I want to see what it is like to disturb the soil as little as physically possible: sowing or transplanting into fully intact ground covers. No strip tilling, no mowing even. For this reason, they need to be short. I’d love to include dutch clover as a nitrogen fixer, but in most of the annual beds it simply grows too tall. Doing this with crops grown as annuals (like spinach, broccoli, or carrots) is pretty far out. I don’t know how well it will work – this is most definitely experimental.

I made a list of plants starting from Elaine Ingham’s list of perennial cover plants, then finding ones that seemed like they were a good fit for my climate and market farm context. I was looking for plants that:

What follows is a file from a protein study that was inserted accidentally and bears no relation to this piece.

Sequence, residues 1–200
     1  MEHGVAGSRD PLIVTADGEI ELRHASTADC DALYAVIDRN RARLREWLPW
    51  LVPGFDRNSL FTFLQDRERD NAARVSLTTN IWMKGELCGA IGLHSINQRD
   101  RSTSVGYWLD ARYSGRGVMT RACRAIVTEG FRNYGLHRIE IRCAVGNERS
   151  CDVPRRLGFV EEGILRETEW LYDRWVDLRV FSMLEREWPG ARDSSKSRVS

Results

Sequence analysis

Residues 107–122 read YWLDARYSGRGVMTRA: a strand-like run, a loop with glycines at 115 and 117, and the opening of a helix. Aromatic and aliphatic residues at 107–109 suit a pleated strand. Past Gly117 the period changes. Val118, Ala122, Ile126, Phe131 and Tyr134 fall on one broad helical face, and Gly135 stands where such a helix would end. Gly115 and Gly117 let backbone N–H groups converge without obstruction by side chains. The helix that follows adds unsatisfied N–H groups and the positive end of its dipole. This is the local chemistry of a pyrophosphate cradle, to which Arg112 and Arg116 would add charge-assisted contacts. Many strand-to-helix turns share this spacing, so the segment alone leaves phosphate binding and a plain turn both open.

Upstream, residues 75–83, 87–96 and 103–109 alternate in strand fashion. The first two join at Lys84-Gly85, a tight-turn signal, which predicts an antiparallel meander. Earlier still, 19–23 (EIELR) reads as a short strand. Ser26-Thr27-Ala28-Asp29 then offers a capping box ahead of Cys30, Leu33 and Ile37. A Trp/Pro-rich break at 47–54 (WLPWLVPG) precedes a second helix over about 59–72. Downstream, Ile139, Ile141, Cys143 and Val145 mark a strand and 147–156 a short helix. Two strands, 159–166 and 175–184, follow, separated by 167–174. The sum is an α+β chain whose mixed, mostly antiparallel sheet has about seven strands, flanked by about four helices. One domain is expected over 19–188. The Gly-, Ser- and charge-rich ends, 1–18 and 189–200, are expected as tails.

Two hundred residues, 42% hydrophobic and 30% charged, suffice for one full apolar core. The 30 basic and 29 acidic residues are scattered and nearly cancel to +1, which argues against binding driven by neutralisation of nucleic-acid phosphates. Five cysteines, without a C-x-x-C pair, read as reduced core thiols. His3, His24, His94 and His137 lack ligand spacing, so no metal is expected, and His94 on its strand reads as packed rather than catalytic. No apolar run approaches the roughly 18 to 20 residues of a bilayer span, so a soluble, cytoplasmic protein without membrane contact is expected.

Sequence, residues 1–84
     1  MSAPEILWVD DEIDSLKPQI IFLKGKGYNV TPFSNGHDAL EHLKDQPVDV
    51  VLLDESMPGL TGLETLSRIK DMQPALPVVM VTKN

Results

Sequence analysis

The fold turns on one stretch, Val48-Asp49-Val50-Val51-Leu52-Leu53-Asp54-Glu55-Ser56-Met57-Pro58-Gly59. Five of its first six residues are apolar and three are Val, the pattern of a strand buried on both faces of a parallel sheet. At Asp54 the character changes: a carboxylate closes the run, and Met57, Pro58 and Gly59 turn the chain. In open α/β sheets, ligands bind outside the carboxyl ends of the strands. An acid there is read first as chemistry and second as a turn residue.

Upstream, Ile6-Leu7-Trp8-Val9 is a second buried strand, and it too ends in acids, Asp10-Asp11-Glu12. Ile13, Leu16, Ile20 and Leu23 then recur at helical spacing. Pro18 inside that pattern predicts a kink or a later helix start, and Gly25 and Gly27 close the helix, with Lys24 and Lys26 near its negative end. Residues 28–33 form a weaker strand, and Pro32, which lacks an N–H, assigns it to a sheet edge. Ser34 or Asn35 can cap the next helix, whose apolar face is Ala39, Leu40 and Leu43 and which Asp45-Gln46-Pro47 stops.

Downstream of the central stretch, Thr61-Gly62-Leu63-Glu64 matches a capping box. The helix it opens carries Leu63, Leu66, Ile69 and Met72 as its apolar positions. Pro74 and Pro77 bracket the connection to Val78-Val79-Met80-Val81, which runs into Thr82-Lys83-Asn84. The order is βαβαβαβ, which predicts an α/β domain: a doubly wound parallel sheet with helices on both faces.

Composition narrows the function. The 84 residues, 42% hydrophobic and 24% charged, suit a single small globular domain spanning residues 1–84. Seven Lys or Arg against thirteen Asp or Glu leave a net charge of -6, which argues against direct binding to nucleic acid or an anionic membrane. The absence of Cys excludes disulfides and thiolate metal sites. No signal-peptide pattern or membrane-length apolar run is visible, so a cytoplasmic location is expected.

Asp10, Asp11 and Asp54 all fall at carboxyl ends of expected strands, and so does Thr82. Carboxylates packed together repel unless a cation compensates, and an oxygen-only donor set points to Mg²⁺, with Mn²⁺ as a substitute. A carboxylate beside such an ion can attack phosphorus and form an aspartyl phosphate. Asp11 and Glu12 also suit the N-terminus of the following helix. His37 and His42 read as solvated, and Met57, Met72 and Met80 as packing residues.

- Are tolerant of foot traffic
- Are easy and inexpensive to establish but not too aggressive
- Are pretty short, because I’ll be growing these among annuals
- Are not woody, so that if I need to, I can cut or rake them away from the soil easily, and seeding / transplanting tools don’t get gummed up.
- Tolerate wet / moist areas. We get a lot of winter rain, and I will likely be irrigating at least some in the summer – this needs to not kill the plants.
- Tolerate dryness / drought. This is a little at odds with the previous point, but I’m looking for a mix of plants. We have dry summers, and I want to be able to get away with as little irrigation as I can to grow the crops.
- Dense growth habit. I’m looking for plants that will grow densely and cover the soil to protect it from rain compaction, evaporation, and excessive weed seed germination.

6 years ago